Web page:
One of New York’s largest homeless shelter operators has said it will ultimately not tackle Donald Trump’s ailing golf course in the Bronx.
Just two days after the city appears to have found a group to run the facility, an attorney for CORE Services Group, Inc. told executives in an email that the nonprofit “has decided to step down. review, âThe City reported.
The deal was announced in a opinion released on Monday that revealed the city’s plans to award a company called Ferry Point Links LLC a 13-year deal with the parks department to take over the 18-hole course. As previously reported by The City, the group shares an executive’s name – Jack Brown – and a mailing address with CORE Community Services.
The new operator is said to have arrived months after Mayor de Blasio announced that New York City was ending its business relationship with Donald Trump.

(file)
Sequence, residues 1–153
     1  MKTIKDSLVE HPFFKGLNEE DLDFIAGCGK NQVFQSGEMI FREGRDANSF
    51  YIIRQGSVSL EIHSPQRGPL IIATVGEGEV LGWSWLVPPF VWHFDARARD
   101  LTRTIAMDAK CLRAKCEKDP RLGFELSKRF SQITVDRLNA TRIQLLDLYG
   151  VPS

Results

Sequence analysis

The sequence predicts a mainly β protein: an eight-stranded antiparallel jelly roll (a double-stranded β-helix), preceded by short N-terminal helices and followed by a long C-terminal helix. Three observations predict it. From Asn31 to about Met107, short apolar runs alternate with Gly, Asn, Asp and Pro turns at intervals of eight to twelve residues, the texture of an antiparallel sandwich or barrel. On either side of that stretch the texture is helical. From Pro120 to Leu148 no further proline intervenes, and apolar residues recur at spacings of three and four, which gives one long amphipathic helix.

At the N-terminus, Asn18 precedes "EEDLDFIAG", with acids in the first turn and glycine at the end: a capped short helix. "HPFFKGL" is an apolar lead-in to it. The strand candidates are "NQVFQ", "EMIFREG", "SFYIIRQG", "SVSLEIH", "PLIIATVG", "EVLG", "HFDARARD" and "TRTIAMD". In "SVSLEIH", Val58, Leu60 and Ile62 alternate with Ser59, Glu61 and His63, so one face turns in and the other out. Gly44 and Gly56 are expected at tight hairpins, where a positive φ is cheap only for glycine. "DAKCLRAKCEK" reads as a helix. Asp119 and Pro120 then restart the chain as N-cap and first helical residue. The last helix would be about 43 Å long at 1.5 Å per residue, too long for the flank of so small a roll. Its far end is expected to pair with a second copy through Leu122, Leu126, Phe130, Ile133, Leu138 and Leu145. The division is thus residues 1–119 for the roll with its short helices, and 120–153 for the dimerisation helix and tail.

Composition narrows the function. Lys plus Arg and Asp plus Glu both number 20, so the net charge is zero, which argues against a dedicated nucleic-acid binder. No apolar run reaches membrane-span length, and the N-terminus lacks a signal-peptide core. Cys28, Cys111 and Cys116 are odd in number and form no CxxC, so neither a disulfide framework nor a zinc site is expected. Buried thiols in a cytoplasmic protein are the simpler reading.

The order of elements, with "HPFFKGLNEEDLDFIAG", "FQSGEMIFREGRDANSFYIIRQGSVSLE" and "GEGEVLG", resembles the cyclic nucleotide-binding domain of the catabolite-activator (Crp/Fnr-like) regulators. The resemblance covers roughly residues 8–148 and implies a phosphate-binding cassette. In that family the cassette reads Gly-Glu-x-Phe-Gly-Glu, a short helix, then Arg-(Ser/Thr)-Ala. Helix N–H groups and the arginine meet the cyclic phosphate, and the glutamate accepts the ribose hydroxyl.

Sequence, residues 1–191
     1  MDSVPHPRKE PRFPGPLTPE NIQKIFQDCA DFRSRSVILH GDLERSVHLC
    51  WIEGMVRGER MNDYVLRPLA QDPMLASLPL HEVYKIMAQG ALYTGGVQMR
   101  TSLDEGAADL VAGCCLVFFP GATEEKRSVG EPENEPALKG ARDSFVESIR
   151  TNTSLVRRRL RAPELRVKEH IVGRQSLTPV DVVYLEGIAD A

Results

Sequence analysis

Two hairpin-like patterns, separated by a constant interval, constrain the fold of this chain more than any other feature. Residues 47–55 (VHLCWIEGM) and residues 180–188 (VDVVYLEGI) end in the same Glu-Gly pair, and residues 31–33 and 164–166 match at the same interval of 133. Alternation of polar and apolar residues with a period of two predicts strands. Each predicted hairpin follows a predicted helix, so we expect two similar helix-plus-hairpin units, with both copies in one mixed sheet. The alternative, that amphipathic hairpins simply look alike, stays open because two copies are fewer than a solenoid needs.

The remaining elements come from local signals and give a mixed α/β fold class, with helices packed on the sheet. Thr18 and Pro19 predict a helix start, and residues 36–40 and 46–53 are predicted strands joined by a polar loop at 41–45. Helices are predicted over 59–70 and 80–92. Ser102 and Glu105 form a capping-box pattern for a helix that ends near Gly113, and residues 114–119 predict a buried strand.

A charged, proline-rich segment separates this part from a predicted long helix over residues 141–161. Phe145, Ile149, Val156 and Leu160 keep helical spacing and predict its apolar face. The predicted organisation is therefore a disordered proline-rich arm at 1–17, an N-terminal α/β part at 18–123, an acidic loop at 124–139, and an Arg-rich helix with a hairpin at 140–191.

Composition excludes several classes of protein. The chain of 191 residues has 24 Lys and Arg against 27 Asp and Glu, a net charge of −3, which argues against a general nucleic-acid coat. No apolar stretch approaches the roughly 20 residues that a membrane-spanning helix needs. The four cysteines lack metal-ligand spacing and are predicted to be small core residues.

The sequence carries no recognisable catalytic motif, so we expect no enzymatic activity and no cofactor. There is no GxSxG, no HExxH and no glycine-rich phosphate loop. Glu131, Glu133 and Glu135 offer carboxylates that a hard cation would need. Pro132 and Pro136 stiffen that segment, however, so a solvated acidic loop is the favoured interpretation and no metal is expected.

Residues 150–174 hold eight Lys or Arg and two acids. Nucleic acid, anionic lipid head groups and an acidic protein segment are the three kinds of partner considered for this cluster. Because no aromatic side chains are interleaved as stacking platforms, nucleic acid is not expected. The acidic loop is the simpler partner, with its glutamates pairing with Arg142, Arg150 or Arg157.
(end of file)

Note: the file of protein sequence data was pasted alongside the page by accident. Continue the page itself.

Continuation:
A spokesperson for the Department of Parks and Recreation previously told the outlet that CORE was in the process of partnering with Atlanta-based company Bobby Jones Links, which would handle the management of the course. The agency told The City after CORE announced that the company would continue to operate the course.
Neither the Department of Parks nor Bobby Jones Links responded to a request for comment.
The parks department and the city’s concessions and concessions review committee are scheduled to hold a hearing on October 12. The new contract would begin on November 15, one day after the deadline set by the Trump Organization to leave the course.
The Jack Nicklaus-designed golf course is one of four contracts the city reviewed and ultimately rescinded in the wake of the Jan.6 uprising on the U.S. Capitol. Two Central Park ice rinks, the Central Park Carousel and the Bronx Golf Course have generated about $ 17 million in revenue per year for the Trump Organization, according to the former president’s financial information reported by The Washington Post.
A spokesperson for the Trump Organization told the New York Times the move amounted to “political discrimination” and promised the company would challenge the city’s decision “vigorously.” However, the city defended its legal basis by claiming that Trump had reneged on his promise to attract a major tournament to the course.
[The City] – Ellen cranley